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I got a client program in Java (Android app), and a server program in C#. They communicate via Sockets over an internal network.

The client needs to have the server's IP address stored, to be able to connect. So, the server needs a static IP.

But now I got to a point I can't have a static IP anymore, so the client has to find the server when it starts up, somehow.

I thought you could use the computer-name to connect via Sockets, but that didn't work for me. Then I had an idea to just do a broadcast with a basic request, and see who answers (the server from the correct IP), but I have no idea how I can do a broadcast and wait for multiple responses. And then I also have to find the broadcast address.

Are there any techniques out there that I don't know and haven't come across yet?
Any help is much appreciated! :)

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The technique you are looking for is called DNS lookup. –  dtb Jan 6 '12 at 22:13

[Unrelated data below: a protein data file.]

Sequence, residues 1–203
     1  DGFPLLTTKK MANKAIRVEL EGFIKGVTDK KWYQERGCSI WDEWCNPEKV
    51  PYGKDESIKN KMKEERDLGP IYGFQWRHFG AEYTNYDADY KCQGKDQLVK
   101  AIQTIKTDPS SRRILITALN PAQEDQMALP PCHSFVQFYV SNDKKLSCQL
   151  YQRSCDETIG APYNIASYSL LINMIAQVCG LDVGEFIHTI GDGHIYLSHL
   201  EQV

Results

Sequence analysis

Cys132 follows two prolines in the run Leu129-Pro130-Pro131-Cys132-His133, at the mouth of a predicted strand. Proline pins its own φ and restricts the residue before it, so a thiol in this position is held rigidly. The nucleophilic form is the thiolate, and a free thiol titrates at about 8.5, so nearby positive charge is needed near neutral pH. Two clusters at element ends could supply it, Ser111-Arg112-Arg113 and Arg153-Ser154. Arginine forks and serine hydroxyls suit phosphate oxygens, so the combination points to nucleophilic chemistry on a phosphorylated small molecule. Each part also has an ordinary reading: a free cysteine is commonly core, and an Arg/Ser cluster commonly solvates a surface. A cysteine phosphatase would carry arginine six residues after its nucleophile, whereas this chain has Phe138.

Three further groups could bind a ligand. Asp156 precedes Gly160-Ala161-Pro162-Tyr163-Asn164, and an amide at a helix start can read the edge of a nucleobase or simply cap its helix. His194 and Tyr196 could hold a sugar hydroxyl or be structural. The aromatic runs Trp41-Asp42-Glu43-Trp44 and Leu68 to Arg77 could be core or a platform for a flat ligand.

@dtb ... and DHCP ( for server publishing its dynamic address with the DNS server ) –  Alexander Pogrebnyak Jan 6 '12 at 22:16
mDNS might also be of interest if it's a local network. –  dtb Jan 6 '12 at 22:21
I tried DNS lookup, this one mowyourlawn.com/files/DomainRecord.java.txt and blogs.ethz.ch/windler/spingjava/dnslookupjava but they both seem to only work on hostnames from a DNS. I need to find an IP based on a server's PC-name inside the same network, that doesn't got a webserver running or anything. –  FrieK Jan 6 '12 at 23:37
Ah damn, I thought InetAddress.getAllByName("pc_name"); was what I needed, but it doesn't work with pc-names. It just raises UnknownHostException instead. I've been looking and looking and almost everything either says this bit of code, or just use a pc-name in the socket constructor, but that totally doesn't work for me. :( This is driving me crazy... –  FrieK Jan 7 '12 at 0:31

1 Answer 1

What you are looking is a hostname discovery service. JNDI is an API for discovering hostnames, but it is for java applications.

check this documentation how to use JNDI from .NET framework

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Isn't JNDI about classnames within an application? Or am I reading it wrong? Like the same functionality Activator.Create... does in .NET –  FrieK Jan 6 '12 at 23:25
You are correct - JNDI is more about "classnames" (more specifically, finding "services") and not really at all about "resolving hostnames to DNS". DNS is what's called for (or the combination of DNS, DHCP and WINS over in Windows Land). –  paulsm4 Jan 6 '12 at 23:30

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